Gonorrhoea cases in Sheffield almost double, with more than 600 people diagnosed in a year

Reported cases of gonorrhoea in Sheffield are on the rise, with 645 patients diagnosed with the disease by the city’s NHS-run sexual health services last year.

Monday, 17th February 2020, 10:07 am
Updated Wednesday, 19th February 2020, 4:56 pm

The number of reported cases of gonorrhoea in Sheffield rose from 340 in 2016 to 645 last year - a rise of 89 percent, according to new statistics from Sheffield Teaching Hospitals NHS Trust.

Chlamydia remains the most prevalent of the diseases, accounting for 2,969 cases last year, while the number of new HIV infections diagnosed has reduced.

A spokesperson for the trust said that the rise in gonorrhoea is in line with national trends.

Sign up to our public interest bulletins - get the latest news on the Coronavirus

Sign up to our public interest bulletins - get the latest news on the Coronavirus

There were 645 cases of gonorrhea diagnosed in Sheffield last year

They stated that increased access to sexually transmitted infections (STI) testing may partially account for the increase, adding: “The Sexual Health Sheffield Service and Sheffield City Council continue to work together to monitor all STI diagnoses in the city and take prompt action to address any increases in numbers of cases outside of what we usually expect to see.”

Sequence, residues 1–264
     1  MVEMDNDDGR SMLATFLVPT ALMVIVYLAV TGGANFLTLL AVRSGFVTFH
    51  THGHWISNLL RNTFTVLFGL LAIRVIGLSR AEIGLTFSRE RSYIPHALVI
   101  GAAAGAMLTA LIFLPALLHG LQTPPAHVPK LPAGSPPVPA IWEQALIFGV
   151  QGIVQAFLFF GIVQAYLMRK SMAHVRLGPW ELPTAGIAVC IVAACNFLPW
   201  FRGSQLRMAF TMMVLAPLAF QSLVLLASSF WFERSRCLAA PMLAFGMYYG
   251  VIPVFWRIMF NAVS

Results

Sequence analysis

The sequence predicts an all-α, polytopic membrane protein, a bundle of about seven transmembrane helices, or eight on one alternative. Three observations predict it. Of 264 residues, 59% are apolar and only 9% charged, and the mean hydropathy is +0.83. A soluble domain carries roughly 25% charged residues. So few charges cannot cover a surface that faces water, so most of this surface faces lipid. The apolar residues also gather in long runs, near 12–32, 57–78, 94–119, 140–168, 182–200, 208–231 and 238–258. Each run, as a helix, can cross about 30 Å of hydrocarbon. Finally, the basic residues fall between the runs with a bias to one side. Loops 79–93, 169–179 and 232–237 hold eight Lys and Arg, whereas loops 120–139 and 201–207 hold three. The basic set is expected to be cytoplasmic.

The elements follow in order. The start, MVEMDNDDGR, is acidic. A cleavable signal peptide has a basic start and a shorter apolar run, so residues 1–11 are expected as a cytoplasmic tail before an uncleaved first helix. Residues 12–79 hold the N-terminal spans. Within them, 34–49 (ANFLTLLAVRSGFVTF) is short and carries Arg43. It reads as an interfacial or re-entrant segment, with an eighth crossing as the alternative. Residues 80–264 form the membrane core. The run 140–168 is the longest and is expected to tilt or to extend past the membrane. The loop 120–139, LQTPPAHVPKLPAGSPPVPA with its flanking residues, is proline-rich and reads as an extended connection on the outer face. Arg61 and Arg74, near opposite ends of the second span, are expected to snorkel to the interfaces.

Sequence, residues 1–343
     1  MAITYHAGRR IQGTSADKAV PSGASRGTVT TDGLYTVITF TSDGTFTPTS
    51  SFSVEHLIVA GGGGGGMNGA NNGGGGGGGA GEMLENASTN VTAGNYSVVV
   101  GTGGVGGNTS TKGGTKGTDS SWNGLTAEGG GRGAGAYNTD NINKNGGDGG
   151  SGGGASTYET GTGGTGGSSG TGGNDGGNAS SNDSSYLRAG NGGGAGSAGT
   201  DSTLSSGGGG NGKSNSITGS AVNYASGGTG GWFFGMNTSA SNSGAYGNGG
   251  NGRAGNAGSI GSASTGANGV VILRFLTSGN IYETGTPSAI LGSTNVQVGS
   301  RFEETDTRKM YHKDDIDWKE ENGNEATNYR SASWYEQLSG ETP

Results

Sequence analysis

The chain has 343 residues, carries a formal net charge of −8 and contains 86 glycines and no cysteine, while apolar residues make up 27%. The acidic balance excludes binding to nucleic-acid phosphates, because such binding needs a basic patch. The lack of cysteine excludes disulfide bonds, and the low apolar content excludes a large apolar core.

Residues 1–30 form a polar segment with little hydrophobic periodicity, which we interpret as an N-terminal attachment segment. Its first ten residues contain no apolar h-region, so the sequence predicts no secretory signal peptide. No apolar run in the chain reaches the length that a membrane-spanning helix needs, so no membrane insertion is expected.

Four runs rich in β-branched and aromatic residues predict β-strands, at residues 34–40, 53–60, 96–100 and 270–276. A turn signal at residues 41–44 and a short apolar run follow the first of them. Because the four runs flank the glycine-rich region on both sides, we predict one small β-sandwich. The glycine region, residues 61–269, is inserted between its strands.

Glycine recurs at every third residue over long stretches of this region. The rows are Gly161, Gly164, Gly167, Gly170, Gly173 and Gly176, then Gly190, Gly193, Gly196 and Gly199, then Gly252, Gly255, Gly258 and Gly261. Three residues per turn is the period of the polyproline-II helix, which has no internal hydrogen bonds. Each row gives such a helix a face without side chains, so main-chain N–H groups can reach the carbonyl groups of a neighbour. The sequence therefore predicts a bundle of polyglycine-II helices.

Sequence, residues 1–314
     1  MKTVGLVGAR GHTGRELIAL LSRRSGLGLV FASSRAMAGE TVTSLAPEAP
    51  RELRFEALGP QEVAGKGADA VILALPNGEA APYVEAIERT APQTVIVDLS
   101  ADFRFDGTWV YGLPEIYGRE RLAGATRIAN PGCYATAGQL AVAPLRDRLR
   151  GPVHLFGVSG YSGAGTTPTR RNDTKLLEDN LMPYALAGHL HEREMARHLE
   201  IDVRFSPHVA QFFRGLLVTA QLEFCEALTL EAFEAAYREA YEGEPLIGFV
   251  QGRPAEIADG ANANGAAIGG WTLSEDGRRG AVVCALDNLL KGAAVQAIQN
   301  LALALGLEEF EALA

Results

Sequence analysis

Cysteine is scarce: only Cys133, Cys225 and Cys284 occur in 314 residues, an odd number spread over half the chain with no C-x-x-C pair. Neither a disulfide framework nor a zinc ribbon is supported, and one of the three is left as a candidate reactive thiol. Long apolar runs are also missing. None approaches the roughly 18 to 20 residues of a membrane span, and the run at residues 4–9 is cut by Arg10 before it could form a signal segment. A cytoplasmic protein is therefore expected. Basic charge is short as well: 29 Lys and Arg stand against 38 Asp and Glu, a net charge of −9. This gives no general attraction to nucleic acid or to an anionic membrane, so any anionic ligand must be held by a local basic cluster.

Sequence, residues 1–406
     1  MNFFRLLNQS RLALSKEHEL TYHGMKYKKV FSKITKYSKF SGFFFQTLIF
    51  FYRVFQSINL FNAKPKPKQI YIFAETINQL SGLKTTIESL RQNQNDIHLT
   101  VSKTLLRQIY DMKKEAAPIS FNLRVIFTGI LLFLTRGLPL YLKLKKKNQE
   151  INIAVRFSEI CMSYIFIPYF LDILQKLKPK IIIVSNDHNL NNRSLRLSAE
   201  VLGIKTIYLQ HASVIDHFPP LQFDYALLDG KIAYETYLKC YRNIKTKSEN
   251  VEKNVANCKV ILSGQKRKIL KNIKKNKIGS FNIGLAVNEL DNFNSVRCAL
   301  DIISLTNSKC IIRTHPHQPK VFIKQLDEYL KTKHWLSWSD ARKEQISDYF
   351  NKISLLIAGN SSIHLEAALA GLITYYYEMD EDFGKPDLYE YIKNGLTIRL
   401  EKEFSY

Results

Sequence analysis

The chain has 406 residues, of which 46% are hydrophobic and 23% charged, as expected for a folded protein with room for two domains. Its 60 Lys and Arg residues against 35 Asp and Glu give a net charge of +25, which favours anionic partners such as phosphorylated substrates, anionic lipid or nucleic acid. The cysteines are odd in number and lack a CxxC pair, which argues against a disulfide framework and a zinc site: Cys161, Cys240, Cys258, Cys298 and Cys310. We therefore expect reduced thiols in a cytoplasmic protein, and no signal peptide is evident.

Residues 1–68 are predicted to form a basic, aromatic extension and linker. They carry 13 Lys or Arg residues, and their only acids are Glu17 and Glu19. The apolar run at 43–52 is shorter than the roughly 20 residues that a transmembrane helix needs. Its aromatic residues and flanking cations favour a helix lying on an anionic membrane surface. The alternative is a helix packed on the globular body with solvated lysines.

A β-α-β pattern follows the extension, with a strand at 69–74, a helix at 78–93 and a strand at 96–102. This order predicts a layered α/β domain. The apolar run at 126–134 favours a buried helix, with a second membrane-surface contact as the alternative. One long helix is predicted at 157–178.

The city’s sexual health services have been overhauled recently, with the aim of making tests, treatment and contraception more accessible.

STI self-testing kits are now available in the Moor Market, and an online postal testing kit has been introduced to help people get tested earlier.

As well as as the kits, the trust has introduced six new community sexual health ‘hubs’.

The spokesperson added: “The sexual health service prevention and promotion team work across the city to provide education sessions, information and advice to tell people about the importance of prevention, what symptoms to look out for and where to seek support.

“Sheffield City Council increased the amount of funding into the provision of sexual health and contraception services in the city during 2019/20, to widen access and choice for people seeking support.”

“It is really important for people to think about their sexual health and be as pro-active as possible to prevent becoming infected with an STI, this is not only important for their own health but also to protect others by not passing on infections. “Common STIs can be easily treated if people seek support to get tested.

For more information, see: http://www.sexualhealthsheffield.nhs.uk/